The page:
A new report by the Socio-Economic Rights and Accountability Project (SERAP) has revealed how “widespread and systemic corruption in ministries, departments and agencies (MDAs) especially in the education, health and water sectors are plunging millions of Nigerians further into poverty.”
According to the report, “Budget fraud, procurement fraud, embezzlement of funds among other illegal actions, lead to failure in the delivery of services including education, water and health. People living in poor neighbourhoods have suffered so much that they consider poor service delivery as being good enough.”
The 61 pages report launched Thursday at the Radisson Blu Hotel, Ikeja, Lagos, is titled: The Ignored Pandemic: How Corruption in the Health, Education and Water Sectors is Plunging Nigerians further into Poverty. The report presented to the media by Dr. Elijah Okebukola, discloses that “61% of people living in poor neighbourhoods ranged between having no formal education and senior secondary education.”
The report shows that, “Corruption contributes to poverty and consequential suffering of people living in poor neighbourhoods. 57.30% of people living in poor neighbourhoods were youth of between 18 and 35 years old. Poor people are victims and not perpetrators of corruption in the health, education and water sectors.”
According to the report, “Many of the 36 states in Nigeria have no documented policies for helping people living in poverty or people earning low income to have access to health, education and water. Even if these policies existed, they were not known to the public officers who serve the people living in poor neighbourhoods.”
The report urges President Muhammadu Buhari to “promptly propose an executive bill to amend the Nigerian Constitution of 1999 [as amended] to recognize Nigerians’ socio-economic rights, including the rights to an adequate standard of living, education, quality healthcare, and clean water as legally enforceable human rights”
The report also urges the Buhari administration to “ratify the Optional Protocol to the International Covenant on Economic, Social and Cultural Rights, which allows individuals and groups whose socio-economic rights are violated to access international accountability mechanism in the form of the Committee on Economic, Social and Cultural Rights.”
Among the people who attended the report launch are: Mr. Ibrahim Yusuf, Permanent Secretary, Office of the Head of Service of the Federation; Agugro R.I., Office of the Secretary to the Government of the Federation; and Mrs Veronica Agugu, Permanent Secretary, Political and Economic Affairs, Office of the Secretary to the Government of the Federation.
The report launch was also attended by Professor Akin Oyebode; Femi Falana, SAN; Dr. Oby Ezekwesili; Ms Funmi Iyanda; Sina Fagbenro; Hamza Lawal; Ade Adam, the Independent Corrupt Practices and Other Related Offences Commission (ICPC); Dr Ifeyemi Adeniran, Lagos State Ministry of Health; Ibeh Ikem, the Universal Basic Education Commission (UBEC), and Dr Oyetola, Lagos State Ministry of Education.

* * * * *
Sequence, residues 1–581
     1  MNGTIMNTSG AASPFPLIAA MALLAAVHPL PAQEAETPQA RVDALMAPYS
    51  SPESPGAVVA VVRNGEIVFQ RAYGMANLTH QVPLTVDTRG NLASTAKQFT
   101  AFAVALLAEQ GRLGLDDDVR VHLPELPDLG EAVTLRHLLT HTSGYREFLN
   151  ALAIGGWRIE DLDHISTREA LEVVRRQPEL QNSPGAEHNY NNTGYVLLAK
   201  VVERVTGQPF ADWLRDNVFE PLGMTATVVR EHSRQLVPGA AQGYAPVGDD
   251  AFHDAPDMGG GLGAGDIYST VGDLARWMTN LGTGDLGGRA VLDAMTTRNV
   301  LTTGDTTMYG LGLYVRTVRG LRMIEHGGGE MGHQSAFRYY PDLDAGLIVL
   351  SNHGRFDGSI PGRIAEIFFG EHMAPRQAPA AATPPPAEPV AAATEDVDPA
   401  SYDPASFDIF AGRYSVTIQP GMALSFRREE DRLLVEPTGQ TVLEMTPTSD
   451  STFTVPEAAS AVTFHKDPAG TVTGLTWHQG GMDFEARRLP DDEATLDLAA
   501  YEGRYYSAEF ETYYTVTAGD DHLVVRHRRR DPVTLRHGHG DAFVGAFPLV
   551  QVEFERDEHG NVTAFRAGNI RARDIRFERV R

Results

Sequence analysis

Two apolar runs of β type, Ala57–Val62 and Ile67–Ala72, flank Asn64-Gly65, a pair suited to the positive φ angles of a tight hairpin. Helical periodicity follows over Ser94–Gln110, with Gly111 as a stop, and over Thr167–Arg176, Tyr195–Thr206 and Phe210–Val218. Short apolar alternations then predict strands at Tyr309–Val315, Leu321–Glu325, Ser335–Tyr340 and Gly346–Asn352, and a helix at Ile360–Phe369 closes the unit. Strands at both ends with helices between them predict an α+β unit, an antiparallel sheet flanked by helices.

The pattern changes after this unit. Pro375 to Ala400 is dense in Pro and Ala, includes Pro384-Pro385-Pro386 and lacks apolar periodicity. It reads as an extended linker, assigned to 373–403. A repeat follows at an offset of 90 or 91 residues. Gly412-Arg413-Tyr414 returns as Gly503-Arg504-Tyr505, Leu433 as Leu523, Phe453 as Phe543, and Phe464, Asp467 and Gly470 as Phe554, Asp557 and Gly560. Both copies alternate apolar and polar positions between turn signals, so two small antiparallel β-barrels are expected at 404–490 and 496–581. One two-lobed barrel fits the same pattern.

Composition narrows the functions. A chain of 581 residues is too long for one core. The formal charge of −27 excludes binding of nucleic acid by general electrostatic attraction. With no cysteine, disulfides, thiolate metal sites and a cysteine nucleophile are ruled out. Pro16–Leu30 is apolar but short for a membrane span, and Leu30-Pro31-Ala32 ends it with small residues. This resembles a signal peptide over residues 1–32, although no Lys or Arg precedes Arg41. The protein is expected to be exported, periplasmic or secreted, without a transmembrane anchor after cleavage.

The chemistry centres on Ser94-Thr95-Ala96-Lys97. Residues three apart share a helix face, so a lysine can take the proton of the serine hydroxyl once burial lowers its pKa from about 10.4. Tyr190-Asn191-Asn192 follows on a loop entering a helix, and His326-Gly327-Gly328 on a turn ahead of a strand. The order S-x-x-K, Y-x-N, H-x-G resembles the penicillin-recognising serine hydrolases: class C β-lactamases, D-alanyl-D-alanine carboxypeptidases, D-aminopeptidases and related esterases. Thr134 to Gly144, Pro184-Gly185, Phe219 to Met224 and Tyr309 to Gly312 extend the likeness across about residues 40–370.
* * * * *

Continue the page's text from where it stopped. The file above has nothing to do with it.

Others are: Dasuki Ibrahim Arabi, Director-General, Bureau of Public Service Reforms (BPSR); Waheed Ishola, Director, Director at National Orientation Agency; Adelaja Oodukoya, Academic Staff Union of Universities (ASUU); Olayinla Oyeyemi, National Agency for Food and Drug Administration and Control (NAFDAC); Adebusiyi Isaac, United Nations Office on Drugs and Crime (UNODC); and Dr Francis Ojie, National Institute for Legislative and Democratic Studies.
All the participants expressed commitment to ensure the full implementation of the recommendations contained in the report.
The report, read in part: “93.20% of people living in poor neighbourhoods were younger than 60 years old. People living in poverty were mostly self-employed (57.20%) or unemployed (20.10%) and were living in extreme poverty. Those who were unemployed outnumbered the combined number of those who worked for the government (8.30%) and private sector (7.20%).”
“48.90% of people living in poverty, that is, more than 27,453,154 (twenty-seven million, four hundred and fifty-three thousand, one hundred and fifty-four) earned less than 100 thousand Naira per annum. 27.9 per cent, that is more than 15,663,456 (fifteen million, six hundred and sixty-three thousand, four hundred and fifty-six) earned between 100 and 200 thousand Naira per annum.”
“10.70% earned between 201 and 300 thousand Naira per annum. 12.50% earned more than 300 Naira per annum. 65% of people living in poor neighbourhoods stayed in either one-bedroom or two-bedroom accommodation. Up to 4% of people living in poverty, that is, about 2,245,657 (two million, two hundred and forty-five thousand, six hundred and fifty-seven) had physical disabilities.”
“Crowded living conditions heightened the need for water. Only 19% of people living in poor neighbourhoods got water from governmental providers. Majority of poor people who received water from the governmental providers were satisfied with the quality of water they got.”